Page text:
The government has published draft legislation to raise the minimum age for drawing pension benefits from 55 to 57.
At present, the normal minimum pension age (NMPA) at which you can draw benefits from a pension scheme is 55. That age ceiling took effect in April 2010 and was subject to a limited range of transitional rules if you previously had the right to draw pension benefits earlier than age 55.
Back in February, the government published a consultation paper on raising the NMPA to 57. The paper came as no surprise, except for the time it took to emerge. A NMPA of 57 was originally announced in 2014, but then apparently lay dormant until about a year ago when the Treasury was forced to confirm it in response to a question posed by the Chair of the Work and Pensions Select Committee.
The consultation paper has now been followed up with draft legislation that will appear in the Finance Bill 2021/22. Although only one digit is being changed – 5 to 7 – that draft legislation stretches to just over three pages:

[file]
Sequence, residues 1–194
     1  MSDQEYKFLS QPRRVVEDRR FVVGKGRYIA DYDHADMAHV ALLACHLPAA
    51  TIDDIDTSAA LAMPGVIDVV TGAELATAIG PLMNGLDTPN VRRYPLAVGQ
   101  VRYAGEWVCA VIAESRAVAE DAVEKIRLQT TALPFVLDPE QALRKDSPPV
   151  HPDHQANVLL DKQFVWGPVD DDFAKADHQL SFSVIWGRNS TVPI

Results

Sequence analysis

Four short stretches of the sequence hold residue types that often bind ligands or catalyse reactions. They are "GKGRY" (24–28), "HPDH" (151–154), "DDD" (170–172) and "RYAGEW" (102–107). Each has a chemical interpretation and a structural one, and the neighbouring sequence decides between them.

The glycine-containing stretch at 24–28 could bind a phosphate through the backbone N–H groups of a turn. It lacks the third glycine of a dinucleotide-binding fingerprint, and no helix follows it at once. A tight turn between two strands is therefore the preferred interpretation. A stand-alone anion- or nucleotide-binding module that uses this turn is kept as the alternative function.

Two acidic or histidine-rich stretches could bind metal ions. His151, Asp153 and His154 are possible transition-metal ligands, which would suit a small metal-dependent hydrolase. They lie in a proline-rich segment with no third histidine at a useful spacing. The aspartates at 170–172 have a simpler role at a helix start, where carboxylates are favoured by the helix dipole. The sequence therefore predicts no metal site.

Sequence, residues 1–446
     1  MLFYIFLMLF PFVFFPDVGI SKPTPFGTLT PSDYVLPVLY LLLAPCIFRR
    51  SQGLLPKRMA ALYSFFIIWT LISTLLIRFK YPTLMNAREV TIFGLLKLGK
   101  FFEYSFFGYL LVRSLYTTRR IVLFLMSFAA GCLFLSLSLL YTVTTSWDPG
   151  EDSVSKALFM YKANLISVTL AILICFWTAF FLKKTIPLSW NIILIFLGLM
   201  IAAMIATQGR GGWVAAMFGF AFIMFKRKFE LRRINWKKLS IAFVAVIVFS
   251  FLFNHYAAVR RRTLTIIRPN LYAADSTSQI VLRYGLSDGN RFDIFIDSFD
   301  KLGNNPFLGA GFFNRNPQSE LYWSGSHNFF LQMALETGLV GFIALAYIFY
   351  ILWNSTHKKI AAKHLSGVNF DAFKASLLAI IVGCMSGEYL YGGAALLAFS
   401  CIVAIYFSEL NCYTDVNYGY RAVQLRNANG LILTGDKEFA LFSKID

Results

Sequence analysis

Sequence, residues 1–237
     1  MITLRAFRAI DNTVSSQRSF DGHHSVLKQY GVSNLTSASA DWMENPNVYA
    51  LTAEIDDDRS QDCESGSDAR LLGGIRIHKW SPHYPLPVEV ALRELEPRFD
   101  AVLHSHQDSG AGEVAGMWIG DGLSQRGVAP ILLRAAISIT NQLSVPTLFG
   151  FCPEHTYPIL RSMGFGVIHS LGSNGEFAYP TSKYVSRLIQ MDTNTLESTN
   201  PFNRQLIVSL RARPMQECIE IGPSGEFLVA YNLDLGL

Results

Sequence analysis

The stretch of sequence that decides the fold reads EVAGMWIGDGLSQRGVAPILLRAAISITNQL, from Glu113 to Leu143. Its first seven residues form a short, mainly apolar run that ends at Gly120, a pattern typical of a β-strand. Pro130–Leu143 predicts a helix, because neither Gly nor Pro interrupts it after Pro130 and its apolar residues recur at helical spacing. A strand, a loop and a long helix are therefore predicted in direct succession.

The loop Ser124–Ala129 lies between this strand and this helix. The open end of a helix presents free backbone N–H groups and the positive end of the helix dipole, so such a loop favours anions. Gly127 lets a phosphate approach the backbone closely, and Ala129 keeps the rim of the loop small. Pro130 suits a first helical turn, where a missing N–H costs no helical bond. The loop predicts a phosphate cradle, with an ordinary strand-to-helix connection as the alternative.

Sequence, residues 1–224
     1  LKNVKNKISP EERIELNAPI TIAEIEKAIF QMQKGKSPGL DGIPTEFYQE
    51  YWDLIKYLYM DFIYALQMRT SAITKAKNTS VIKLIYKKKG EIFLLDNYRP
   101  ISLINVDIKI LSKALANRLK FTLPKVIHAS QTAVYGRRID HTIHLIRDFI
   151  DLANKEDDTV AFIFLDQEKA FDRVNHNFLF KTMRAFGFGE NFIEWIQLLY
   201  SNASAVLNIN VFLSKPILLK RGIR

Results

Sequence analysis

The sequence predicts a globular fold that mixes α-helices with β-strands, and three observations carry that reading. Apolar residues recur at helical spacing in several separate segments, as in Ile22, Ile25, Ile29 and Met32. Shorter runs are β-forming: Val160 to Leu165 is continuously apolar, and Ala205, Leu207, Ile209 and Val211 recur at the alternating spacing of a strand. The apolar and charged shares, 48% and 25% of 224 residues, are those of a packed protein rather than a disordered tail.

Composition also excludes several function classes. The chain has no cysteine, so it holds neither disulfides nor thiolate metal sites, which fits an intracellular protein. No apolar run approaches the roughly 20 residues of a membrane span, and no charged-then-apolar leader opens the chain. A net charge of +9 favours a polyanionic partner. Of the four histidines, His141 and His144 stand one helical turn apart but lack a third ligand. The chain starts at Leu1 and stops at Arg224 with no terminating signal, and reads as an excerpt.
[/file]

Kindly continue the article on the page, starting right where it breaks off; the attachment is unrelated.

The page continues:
- It confirms that the new NMPA will take effect on 6 April 2028, by which time the State Pension Age will have risen to 67.
- The NMPA will remain at 55 for members of “uniform services” (i.e. armed forces, police and fire services).
- There is no phasing: if you were born on 5 April 1973, in theory you can draw benefits on your 55th birthday but leave it 24 hours and you will have to wait another two years, unless you can take advantage of the various transitional provisions.
- The existing transitional provisions for the change to 55 remain in place.
- A new set of transitional provisions will allow pre-57 access if, on 11 February 2021, your pension scheme rules gave you an unqualified right to draw benefits before age 57. To qualify, you must have joined the scheme by 5 April 2023.
In practice, retirement at age 55 or even 57 is a huge challenge financially. For example, the rate for an RPI-linked annuity at 55 is about £16.50 per £1,000 of pension fund, so even a fund equal to the current lifetime allowance (£1,073,100) would not produce £18,000 of inflation-proofed income. As with all pension changes, the devil is very much in the detail.
The value of your investment and the income from it can go down as well as up and you may not get back the full amount you invested. Past performance is not a reliable indicator of future performance.